Oops, I did it again. Disappeared on ya that is. I did have an action packed week resulting in lots of blog material so hopefully that means that’s the last time I’m MIA for a while Anyway…
Last week I did something super cool; any food blogger’s dream really – I attended a real professional food photo shoot!! You guys know I’ve been volunteering with Cooking Matters for a little while now (just finished another 6-week class as chef instructor and getting ready for another, woop woop!). In the February newsletter I noticed a call out to volunteers to assist in a photo shoot of all of their recipes. You know I got on that right away! The position was actually to do the cooking of the recipes. It was going to be an aggressive schedule so I quickly realized I would be stuck in a kitchen without a real insight into how the magic happens. So I asked to do a half day of cooking and a half day of assisting the food photographer and stylist. This was met with some hesitance at first but then I got a call back from photographer Ellen Callaway (check out that link, she’s super talented!) who said she got a little more flexibility and I was welcome to come down for a few hours. Done and done! [Moral of the story – ask for what you want or you will likely be disappointed.]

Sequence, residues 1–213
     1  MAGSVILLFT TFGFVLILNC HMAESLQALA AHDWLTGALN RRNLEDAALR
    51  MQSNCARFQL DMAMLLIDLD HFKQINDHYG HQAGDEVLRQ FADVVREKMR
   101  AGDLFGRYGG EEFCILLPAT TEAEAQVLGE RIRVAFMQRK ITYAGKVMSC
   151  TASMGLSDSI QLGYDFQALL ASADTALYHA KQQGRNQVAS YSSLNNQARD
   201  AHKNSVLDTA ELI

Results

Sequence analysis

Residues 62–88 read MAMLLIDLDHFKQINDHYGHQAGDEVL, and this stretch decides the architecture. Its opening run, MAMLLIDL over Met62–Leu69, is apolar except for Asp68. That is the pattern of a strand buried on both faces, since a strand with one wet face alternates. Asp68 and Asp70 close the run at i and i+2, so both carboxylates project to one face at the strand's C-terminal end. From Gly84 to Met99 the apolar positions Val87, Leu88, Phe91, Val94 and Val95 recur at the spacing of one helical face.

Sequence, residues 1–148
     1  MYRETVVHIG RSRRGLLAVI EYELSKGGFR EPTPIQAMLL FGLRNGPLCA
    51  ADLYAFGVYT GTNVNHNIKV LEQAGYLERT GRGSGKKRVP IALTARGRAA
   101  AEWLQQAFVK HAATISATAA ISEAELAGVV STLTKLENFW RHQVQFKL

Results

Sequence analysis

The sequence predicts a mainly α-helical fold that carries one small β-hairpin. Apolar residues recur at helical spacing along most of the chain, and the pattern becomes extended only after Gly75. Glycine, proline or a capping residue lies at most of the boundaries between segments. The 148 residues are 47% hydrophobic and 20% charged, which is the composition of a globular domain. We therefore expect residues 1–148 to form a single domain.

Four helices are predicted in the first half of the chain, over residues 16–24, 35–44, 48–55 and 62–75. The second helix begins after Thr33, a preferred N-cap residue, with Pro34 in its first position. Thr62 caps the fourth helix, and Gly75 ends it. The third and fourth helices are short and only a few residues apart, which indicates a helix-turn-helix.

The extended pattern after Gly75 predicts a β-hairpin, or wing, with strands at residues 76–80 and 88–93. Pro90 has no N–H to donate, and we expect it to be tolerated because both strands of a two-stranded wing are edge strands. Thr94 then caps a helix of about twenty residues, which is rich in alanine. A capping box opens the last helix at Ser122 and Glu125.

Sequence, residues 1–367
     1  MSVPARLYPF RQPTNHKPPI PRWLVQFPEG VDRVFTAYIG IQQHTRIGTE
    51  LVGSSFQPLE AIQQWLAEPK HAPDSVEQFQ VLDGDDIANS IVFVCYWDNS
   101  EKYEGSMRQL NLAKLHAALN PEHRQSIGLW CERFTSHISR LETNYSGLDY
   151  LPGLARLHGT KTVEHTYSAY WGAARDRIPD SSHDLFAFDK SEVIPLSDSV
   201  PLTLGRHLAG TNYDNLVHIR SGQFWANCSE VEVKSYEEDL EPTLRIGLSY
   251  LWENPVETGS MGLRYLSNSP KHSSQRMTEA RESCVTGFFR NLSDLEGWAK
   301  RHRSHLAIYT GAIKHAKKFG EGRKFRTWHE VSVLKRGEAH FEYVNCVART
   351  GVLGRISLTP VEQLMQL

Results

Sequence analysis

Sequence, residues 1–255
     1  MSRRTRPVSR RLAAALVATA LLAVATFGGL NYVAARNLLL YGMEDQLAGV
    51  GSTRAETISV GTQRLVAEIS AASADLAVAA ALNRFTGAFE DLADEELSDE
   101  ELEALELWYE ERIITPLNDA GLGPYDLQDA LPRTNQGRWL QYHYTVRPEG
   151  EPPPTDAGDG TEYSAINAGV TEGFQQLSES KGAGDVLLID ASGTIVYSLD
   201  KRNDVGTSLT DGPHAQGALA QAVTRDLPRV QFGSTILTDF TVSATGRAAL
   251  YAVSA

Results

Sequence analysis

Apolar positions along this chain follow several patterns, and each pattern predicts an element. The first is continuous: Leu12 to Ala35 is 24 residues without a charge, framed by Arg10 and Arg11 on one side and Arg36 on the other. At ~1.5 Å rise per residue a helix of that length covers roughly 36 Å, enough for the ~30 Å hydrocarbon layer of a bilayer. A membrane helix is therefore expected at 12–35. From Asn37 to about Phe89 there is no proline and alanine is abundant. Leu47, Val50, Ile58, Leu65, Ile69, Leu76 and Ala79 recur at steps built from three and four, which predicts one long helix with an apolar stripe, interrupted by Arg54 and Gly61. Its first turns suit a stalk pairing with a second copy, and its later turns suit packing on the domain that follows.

When I got to Ellen’s house (where the photo shoot was taking place), I saw that the cooking was very much under way and that I was basically invited to observe. The atmosphere was super casual. Catrine Kelty did the food styling, her daughter did the cooking, and Ellen took the photos. They worked really well together and made the whole thing look effortless (we all know it’s not!)